by Dr. John J. Franey, CEO/Founder of Developing Difference Makers
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The world is very familiar with the theories of how children learn and develop throughout their early lives, however scant attention is given to the ways in which adults learn and develop after childhood. Billions of dollars are spent annually in the world to provide professional development to adults, yet most of these programs fail to deliver effective outcomes from this spending. The main reason that professional development does not impact adults as much as it could is that it does not address the individual needs, goals, practices, and belief systems of adults. Adult learners are diverse individuals, each representing an individual set of learning needs, learning processes, and goals for their work, yet their learning in the workplace does not address this individuality.
Malcolm Knowles, the world’s most noted expert in the field of adult learning, writes in his book, The Adult Learner: A Neglected Species (1978), that for many decades the belief system surrounding adult learning was based on the ways in which children learned. Knowles suggested that most adult learning opportunities were merely copies of the type of learning that is provided to children, despite the major differences in the ways that children and adults learn. According to Knowles, early theorists on adult learning focused more on the ‘ends’ of adult learning rather than the ‘means’ of adult learning. The assumption was that as long as the outcomes were clearly defined for the learners, it didn’t matter how they learned. This led to many adult learning experiences taking a one-size-fits-all approach that failed to address the individuality of each learner.
In order to change the way in which learning experiences were provided for adults, Knowles theorized a new way in which to support adult learners: andragogy. He considered andragogy to be “a unified theory of adult learning.” For Knowles, andragogy was based on four assumptions that would change the way in which adult learning processes were addressed:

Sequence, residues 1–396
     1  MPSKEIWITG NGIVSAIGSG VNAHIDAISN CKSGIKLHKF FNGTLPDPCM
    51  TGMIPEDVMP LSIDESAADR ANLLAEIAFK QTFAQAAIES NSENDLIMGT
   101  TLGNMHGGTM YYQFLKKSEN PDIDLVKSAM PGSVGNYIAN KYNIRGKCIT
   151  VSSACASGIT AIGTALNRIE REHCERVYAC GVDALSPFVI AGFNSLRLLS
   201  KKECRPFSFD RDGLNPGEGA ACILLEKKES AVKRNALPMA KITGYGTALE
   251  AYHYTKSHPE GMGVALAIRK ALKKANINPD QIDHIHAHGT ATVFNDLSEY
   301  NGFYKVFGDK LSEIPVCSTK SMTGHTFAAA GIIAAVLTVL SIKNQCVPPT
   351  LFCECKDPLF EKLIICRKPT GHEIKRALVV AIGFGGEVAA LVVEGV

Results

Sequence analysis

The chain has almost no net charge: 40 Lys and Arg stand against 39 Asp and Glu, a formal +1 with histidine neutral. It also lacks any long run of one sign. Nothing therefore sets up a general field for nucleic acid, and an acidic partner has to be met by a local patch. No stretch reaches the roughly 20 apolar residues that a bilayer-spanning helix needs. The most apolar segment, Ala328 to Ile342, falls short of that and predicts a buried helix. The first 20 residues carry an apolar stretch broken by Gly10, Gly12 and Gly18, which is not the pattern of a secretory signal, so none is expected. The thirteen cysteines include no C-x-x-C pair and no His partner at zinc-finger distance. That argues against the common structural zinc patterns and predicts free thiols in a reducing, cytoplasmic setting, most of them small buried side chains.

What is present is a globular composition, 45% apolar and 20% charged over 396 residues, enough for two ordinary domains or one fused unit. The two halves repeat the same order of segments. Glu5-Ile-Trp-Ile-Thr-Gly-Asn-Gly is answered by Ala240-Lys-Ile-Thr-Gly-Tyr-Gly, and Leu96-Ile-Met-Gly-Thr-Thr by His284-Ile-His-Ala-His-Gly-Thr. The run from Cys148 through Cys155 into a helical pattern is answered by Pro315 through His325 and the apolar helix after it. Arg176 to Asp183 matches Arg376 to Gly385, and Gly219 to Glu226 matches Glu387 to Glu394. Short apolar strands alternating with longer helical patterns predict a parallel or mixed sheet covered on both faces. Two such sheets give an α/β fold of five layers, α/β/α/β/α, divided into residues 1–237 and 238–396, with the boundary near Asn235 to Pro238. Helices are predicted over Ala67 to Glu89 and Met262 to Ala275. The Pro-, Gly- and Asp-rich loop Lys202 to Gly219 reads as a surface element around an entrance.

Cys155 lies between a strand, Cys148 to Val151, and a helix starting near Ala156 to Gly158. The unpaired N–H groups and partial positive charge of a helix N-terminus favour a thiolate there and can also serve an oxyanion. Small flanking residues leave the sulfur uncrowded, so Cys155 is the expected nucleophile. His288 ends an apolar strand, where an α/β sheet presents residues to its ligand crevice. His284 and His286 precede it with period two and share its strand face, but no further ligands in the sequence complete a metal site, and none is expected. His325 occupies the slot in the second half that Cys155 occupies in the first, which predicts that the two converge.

Changes in self-concept: The adult learner moves from a state of dependency to a state of self-directedness. As they do this, the learner becomes less dependent on the person providing the learning, and more apt at learning on their own.
Role of experience: The adult learner builds upon previous experiences in their life to relate new information and experiences. Their experiences provide a base for an ever-growing accumulation of knowledge and skills.
Readiness to learn: The adult learner is focused on learning what he or she needs to learn in order to perform successfully in life and work. The learner disregards anything they don’t feel they need to learn, and rather focuses on learning that addresses needs.
Orientation to learning: The adult learner focuses on problem-based learning rather than subject-based learning. Learning experiences that focus on particular problem areas serve the adult learner best, rather than large overviews of a general topic.
While Knowles’ assumptions of adult learning seem simple and straightforward, there is a dearth of their use in adult learning experiences. Oftentimes, adults are taught in the exact same way that children are taught in schools across America. As Knowles points out, there is an intense need to change the way in which learning experiences are provided to adults in the workplace. Learning opportunities for adults can have a major impact if they are designed to meet the learner’s needs, build on their experiences, change their self-concepts, and address their learning orientations. If the goal of adult learning in the workplace is to increase effectiveness and productivity, shouldn’t every organization want to provide learning experiences that allow for ultimate growth by their professionals. Taking Knowles’ ideas into account can amp up any professional development and make the difference that is needed!
Knowles, M.S. (1978). The adult learner: A neglected species (2nd ed.). Houston, TX: Gulf Publishing.